Even were the challenged orders considered as immediately authorized by statutory provisions concerning suspension of service and approval of agreements among air carriers,
their ultimate validity depends upon the relationship between the certification requirement and the Board’s exemption authority. If it is not proper for non-certificated carriers to perform the replacement services contemplated by the Board’s orders, then the suspensions granted to the certificated carriers are void on their own terms (since they are conditioned on performance of the replacement services), and the agreements between the certificated and non-certificated carriers should not have been approved.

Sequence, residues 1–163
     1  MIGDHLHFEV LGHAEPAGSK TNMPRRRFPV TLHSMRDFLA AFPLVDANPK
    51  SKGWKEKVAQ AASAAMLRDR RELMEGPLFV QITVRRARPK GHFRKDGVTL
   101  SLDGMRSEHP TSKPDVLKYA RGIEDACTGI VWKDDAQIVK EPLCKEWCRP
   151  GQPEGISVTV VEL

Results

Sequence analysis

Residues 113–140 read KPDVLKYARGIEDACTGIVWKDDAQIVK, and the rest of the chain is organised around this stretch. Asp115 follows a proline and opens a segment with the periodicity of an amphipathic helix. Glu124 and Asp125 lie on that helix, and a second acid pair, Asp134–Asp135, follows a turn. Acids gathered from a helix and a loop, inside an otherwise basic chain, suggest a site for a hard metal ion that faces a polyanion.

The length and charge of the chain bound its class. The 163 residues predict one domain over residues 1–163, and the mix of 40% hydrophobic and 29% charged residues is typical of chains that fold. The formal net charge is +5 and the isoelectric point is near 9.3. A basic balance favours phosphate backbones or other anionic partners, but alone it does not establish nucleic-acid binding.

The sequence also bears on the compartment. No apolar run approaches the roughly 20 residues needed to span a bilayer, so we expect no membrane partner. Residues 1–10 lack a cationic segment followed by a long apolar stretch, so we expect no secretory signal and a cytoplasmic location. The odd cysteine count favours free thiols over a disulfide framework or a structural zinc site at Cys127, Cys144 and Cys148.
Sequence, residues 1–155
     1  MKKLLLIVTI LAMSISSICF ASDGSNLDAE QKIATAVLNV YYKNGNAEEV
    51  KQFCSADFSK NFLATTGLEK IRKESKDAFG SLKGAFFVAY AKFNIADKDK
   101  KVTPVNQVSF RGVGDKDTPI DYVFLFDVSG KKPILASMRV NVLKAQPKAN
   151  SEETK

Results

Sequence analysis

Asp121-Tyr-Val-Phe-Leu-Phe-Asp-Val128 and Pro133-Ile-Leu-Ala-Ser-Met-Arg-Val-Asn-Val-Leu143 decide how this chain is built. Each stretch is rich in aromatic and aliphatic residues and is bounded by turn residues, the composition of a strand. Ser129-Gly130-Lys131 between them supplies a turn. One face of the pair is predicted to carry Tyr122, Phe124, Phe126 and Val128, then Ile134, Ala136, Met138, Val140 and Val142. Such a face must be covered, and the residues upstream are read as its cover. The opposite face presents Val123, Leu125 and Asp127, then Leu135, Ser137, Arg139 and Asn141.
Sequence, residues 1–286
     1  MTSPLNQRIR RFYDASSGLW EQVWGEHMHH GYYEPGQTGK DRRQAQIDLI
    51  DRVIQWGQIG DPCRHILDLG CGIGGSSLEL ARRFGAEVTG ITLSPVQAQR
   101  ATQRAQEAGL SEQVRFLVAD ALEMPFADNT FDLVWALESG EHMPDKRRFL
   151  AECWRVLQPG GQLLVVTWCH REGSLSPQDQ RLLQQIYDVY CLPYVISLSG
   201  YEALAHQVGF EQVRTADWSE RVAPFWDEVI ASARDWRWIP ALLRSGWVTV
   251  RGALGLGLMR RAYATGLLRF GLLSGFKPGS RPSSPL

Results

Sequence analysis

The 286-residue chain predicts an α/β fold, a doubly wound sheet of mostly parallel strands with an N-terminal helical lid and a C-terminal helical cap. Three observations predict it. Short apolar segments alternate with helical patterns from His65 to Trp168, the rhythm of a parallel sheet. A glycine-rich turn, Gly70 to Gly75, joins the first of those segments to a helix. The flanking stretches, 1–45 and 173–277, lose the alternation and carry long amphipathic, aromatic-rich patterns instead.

Many of petitioner’s arguments seem to be relevant only as a challenge to the entire scheme of non-certificated operations authorized by the Board’s exemptive regulations. Such arguments, however, are more appropriately made (initially, at least) in a rule making forum. These cases do not require that we make a determination of such wide scope. We are concerned with the Board’s exemption authority only as it relates to the three non-certificated carriers in these cases.
 We begin from the basic premise that an exemption granted pursuant to 49 U.S.C. § 1386(b)(1) remains valid